• Detail the tactics that will be used, and how channels will be used together

  • Map out the overall budget and a by-channel budget

  • Provide a timeline of activity

  • Confirm Metrics/Key Performance Indicators - what will we measure to know if this is working?

This might feel like a lot - but as a starting point you don’t need to go too deep into each area until you’ve started trying some things. You can update your marketing plan once you’ve had some real world learnings. Your first marketing plan might only be a couple of pages. It should represent what the business is going to do, and everyone who’s involved in actioning your marketing plan should understand it clearly - if not contribute to its development. If you’re a sole trader looking to do your own marketing, you simply need to have a plan that makes sense to you and is realistic to execute in the timeframe set. 

Become a commentator on your specialist subject

Marketing doesn’t need to involve spending money on campaigns every time. Some of the best marketing happens through building your personal profile within your industry and beyond. You may have read articles in the news where experts are quoted with their input on a topic - these experts are often from businesses, who see this as a great way to build up their profile and the business they represent as being knowledgeable and trustworthy on the topic. 

The road to becoming an industry commentator that is sought after happens gradually, but you can start building up you or your people as experts by:

  • Publishing blogs on your website about a topic with the author clearly pictured and named

  • Create videos about topics and share these across social media and YouTube

  • Build a plan to share thoughts and ideas 2-3 times a week on channels like LinkedIn where a lot of people go to stay up to date

  • Contribute to other threads online with your thoughts

  • Host or attend industry events and get speaking engagements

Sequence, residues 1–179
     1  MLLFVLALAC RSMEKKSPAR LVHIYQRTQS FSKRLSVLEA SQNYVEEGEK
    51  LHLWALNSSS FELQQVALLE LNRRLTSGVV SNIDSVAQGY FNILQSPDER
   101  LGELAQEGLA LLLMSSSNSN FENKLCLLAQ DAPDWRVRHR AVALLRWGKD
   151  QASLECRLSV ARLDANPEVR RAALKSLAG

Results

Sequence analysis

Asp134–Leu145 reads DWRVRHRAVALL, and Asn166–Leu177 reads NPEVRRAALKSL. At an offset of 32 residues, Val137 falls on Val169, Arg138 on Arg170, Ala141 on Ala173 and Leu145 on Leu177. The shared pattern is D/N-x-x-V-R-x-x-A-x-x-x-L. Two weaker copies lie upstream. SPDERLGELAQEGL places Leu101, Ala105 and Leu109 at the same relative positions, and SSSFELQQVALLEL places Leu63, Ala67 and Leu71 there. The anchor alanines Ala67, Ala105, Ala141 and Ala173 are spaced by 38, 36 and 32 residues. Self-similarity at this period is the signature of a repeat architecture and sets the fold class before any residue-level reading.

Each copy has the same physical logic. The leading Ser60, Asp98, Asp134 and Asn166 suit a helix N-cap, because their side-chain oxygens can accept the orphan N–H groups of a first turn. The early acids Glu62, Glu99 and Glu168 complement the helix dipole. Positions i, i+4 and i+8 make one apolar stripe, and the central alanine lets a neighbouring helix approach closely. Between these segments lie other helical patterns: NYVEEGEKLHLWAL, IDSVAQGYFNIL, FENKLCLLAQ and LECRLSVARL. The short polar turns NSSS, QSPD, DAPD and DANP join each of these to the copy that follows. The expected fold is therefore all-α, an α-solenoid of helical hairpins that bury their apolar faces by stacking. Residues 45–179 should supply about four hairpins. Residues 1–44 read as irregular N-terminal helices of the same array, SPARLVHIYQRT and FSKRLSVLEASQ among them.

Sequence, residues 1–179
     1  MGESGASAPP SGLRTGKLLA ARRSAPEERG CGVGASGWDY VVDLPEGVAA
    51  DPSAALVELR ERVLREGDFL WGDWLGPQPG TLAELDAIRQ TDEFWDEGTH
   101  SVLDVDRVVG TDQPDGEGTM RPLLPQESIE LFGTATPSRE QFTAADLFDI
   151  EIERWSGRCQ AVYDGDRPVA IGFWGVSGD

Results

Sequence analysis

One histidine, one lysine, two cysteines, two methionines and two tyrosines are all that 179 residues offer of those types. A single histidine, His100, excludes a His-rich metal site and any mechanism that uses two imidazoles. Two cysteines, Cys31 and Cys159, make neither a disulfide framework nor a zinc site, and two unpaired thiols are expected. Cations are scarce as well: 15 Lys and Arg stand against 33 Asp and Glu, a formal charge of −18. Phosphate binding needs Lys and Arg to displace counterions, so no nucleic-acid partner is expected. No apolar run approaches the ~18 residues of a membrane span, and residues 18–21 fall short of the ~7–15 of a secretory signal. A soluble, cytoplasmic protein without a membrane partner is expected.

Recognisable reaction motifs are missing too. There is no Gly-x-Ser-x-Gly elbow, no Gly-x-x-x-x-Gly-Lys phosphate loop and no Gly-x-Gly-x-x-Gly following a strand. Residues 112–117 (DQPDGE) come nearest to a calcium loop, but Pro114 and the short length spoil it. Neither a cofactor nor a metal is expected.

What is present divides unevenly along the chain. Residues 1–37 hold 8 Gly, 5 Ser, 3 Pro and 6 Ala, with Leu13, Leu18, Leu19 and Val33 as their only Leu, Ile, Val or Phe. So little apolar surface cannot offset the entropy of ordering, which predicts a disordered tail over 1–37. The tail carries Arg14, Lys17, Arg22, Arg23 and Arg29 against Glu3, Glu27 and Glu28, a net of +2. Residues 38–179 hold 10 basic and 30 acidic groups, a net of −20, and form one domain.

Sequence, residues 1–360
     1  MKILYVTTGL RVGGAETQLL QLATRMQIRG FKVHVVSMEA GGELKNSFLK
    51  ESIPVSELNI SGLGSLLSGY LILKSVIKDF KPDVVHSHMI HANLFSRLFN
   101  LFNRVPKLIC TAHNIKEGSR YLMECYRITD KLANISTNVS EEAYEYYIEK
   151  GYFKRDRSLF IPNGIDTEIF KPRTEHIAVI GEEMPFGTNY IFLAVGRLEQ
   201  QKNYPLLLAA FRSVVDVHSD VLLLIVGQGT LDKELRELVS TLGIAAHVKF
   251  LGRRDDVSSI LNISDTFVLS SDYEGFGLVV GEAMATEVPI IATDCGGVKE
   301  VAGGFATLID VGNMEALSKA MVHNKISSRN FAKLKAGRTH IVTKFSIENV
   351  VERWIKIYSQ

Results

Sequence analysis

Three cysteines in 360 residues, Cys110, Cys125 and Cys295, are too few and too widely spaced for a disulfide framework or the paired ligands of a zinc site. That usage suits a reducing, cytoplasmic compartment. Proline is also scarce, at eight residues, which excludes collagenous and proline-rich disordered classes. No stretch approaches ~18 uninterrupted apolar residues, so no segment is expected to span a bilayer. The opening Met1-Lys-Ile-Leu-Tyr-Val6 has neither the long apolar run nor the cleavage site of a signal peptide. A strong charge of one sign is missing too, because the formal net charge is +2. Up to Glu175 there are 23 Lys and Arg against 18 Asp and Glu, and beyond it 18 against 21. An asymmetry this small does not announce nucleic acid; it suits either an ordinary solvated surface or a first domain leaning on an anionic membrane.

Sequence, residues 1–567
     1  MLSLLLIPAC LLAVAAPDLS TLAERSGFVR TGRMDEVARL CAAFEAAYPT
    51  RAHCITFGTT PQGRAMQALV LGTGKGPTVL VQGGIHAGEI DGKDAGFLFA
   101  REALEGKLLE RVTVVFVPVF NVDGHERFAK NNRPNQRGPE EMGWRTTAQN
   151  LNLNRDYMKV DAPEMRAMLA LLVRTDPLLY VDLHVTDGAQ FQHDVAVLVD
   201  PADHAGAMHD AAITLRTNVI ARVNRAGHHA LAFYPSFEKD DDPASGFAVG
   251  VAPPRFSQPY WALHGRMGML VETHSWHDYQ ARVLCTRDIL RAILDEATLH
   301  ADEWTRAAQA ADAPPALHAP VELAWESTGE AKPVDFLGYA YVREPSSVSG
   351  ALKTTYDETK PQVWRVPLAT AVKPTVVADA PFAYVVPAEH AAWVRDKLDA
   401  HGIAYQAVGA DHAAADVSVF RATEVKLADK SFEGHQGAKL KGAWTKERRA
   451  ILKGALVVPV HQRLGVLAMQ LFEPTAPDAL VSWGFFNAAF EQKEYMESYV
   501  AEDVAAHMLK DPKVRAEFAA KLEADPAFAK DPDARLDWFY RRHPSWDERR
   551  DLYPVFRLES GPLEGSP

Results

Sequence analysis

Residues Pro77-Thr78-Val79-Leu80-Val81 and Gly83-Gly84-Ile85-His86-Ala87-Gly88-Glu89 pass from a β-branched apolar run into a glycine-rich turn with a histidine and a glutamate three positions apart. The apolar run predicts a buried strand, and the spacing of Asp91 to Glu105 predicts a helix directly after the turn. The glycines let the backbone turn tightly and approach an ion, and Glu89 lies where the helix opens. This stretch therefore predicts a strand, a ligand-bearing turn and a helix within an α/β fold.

Over time, this momentum will build and you could find yourself with opportunities to speak to a wider audience and promote your business organically in the process. Of course the magic ingredient to this marketing working is to genuinely be an expert in your field - so keep learning as part of your weekly rituals!

Create a website that’s easy to navigate - and get in touch with you

Websites are your digital business card at the very least. For a retail/product business they’re often a critical channel for sales. The cost of a great website that performs well will often be far less than the lost sales of having a poor user experience. There’s a number of considerations that you’ll want to make with a website to ensure it’s a powerful marketing tool:

  • Design - the visual elements of your website including photography, graphics and even spatial layout can all infer to customers. They say first impressions count, and it’s certainly true in the context of a business’ website. Many visitors will be comparing your site to others’, so it needs to immediately feel like a website of a business that knows what they’re doing. 

  • Performance - websites need to load quickly for all users, no matter if they’re on a computer or phone, in the middle of the CBD or out in the country. Make sure that your website is built on a platform (or content management system - CMS) that facilitates quick loading. It’s sometimes a balancing act of having the visually impressive elements with a site that’s snappy. An experienced web development partner should be able to support you to achieve good performance.

  • Clear copy - copy is a living, breathing element to your website that will likely be refined over the years. You should always strive to tell a clear, concise story on main landing pages, but not be afraid to go into more detail on sections where visitors might want to learn more (such as a blog about how your product works). Your home page should give users total confidence that they’re arrived in the right place; prioritise addressing their needs in your messaging first, then talk about yourself second. 

  • Make contacting you really easy - unfortunately in the era of trying to push people through digital-only channels in our view makes customer experience suffer. It’s our view that customers should be able to contact you via the method that suits them the best. Of course you may have some preference on what channel is used depending on the query, in which case you’ll want to think carefully about the placement of contact forms, email addresses and phone numbers. As a small business still growing your reputation, we’d err on the side of being more helpful to prospective customers through your contact channels than opting for absolute operational efficiency before the business genuinely warrants it.